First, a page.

HBX Director Patrick Mullane Shares Tips For Career Transitions - Part 1By Emily Marks, UniversityHerald Reporter
Harvard Business School's HBX executive director Patrick Mullane has shared tips for career transitions. HBX is the institution's online education program. The school, which has more than a hundred years' worth of experience in business education, created the program to integrate technology with their faculty to share their passion to a wider range of students.
"The real focus has been on creating a learning experience that brings business education to life," the program's official website read.
"At HBX, we believe that education should be cerebral, yes, but it should also be riveting, kinetic, social, and mind-bending. It should be a series of unanticipated discoveries that change your capacity to navigate the world."
In a blog post, Mullane talked about his time in the military and how, when the time came to explore the world beyond it, he found that he was well-prepared in some areas but under-prepared in others. He shared tips on what he learned as he transition from military service to the private sector.
Re-acquaint yourself with business fundamentals.
Before Mullane started his MBA program at the Harvard Business School, he prepared himself by taking up an accounting course at the University of Nebraska. There are MOOCs (Massive Open Online Courses) such as EdEx and Coursera that can help aspiring MBA students brush up on business fundamentals. HBX also offers an integrated program that covers three disciplines: Econimics for Managers, Business Analytics and Financial Accounting.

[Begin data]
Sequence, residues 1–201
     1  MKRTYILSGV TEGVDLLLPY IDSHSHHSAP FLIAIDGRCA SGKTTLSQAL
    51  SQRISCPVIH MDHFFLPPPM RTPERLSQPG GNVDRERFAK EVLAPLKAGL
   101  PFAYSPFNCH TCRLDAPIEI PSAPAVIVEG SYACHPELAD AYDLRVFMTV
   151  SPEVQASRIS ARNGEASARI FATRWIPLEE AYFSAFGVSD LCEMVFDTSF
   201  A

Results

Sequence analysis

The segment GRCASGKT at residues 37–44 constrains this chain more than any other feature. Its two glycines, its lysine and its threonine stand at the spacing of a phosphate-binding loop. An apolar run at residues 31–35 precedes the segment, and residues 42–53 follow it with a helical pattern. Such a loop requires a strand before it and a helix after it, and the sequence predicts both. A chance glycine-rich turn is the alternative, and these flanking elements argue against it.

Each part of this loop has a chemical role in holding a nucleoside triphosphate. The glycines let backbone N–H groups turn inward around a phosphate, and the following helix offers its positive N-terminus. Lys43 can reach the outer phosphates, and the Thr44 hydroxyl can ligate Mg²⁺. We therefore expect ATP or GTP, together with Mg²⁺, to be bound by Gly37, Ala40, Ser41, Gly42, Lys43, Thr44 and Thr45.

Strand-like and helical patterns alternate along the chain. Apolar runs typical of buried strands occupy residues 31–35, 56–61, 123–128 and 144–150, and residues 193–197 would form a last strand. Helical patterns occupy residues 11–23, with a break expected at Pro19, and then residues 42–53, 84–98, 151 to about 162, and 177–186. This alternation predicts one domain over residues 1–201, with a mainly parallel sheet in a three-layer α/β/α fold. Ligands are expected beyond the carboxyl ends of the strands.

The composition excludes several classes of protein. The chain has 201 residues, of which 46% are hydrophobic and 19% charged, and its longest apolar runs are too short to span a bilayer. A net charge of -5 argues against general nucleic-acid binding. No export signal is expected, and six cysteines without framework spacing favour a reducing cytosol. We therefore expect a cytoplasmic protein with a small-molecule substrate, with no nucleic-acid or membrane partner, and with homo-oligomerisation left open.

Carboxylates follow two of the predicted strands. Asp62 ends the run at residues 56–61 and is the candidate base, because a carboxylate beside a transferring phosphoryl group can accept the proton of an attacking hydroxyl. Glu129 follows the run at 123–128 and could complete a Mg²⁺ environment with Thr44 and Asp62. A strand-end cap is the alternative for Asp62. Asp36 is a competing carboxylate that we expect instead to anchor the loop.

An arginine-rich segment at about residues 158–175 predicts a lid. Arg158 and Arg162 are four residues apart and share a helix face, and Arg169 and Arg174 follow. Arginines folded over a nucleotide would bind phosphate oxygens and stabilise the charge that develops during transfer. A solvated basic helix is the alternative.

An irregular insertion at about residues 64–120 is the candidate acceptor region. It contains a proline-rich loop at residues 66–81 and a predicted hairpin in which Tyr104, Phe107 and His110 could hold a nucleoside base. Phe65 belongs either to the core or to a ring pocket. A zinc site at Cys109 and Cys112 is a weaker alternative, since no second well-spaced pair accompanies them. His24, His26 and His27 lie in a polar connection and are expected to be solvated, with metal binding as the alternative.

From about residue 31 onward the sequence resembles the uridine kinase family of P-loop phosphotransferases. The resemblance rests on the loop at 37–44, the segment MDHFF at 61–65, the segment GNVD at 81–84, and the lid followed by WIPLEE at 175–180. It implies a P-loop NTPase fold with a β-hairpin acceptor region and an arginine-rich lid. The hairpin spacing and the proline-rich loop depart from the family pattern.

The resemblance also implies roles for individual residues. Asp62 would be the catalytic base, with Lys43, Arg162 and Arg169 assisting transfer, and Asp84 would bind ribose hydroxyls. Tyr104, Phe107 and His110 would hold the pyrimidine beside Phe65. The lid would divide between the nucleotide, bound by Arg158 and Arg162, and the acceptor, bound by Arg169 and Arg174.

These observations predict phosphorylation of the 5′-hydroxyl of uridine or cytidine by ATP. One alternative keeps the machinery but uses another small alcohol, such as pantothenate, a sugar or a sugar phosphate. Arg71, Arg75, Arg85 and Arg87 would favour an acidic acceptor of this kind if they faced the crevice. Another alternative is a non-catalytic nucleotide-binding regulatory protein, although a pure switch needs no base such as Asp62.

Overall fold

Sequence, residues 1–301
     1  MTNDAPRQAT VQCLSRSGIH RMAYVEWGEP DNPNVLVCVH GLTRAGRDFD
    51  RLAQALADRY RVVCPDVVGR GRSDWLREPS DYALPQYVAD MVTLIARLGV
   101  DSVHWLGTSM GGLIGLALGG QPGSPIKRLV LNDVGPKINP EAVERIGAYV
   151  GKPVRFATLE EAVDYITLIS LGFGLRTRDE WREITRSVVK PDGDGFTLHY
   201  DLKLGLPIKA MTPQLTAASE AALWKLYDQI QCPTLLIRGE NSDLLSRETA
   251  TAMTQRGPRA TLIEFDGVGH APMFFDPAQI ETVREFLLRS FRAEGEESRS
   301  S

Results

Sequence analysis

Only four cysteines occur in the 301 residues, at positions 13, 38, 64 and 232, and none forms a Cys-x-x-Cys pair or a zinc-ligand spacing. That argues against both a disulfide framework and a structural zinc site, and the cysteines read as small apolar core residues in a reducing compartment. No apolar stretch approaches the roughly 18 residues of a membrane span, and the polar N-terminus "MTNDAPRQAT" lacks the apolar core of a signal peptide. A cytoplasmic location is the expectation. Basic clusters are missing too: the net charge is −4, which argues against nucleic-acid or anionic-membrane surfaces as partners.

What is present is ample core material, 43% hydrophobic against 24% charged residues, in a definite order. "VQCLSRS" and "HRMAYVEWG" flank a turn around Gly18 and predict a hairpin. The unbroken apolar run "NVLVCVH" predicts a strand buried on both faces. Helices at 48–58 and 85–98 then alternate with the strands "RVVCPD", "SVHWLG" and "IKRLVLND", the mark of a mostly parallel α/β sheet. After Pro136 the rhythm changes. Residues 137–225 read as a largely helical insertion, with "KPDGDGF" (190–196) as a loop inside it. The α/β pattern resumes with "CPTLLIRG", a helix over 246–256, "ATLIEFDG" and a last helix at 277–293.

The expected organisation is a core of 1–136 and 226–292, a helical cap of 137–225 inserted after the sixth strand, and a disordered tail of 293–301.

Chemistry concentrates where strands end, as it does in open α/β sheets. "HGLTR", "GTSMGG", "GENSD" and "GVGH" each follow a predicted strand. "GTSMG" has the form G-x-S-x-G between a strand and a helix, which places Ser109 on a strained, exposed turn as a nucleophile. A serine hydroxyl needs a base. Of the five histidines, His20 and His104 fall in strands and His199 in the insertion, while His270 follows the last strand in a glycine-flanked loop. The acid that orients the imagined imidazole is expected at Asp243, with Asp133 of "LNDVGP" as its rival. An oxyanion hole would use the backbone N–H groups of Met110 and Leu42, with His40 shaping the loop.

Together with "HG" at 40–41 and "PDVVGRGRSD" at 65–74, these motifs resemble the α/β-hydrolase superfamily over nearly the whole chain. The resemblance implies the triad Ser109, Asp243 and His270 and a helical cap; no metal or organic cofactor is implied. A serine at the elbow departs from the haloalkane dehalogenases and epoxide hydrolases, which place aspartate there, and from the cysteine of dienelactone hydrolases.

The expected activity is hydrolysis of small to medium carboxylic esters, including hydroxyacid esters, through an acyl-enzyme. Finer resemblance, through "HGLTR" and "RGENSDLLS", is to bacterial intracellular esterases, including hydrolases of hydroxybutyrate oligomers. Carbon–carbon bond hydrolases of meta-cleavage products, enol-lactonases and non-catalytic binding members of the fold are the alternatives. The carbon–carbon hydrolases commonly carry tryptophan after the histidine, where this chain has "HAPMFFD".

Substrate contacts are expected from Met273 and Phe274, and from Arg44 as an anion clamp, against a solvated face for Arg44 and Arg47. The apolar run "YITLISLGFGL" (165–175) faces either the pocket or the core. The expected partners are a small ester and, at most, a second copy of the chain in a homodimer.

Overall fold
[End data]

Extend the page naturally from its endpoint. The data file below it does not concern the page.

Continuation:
Review and rewrite your resume.
Mullane offered three guidelines on how to write a resume. First, a personal statement or "objective" should bring the focus to the employer. Instead of just writing down what you want for yourself, include what you can contribute to your future employer as well. Second, keep it short. For fresh graduates, a one-page resume will do while two pages is the ideal maximum for more experienced workers. Third, take the jargon out of your resume especially if the industry you're trying to break in to is vastly different from your previous work.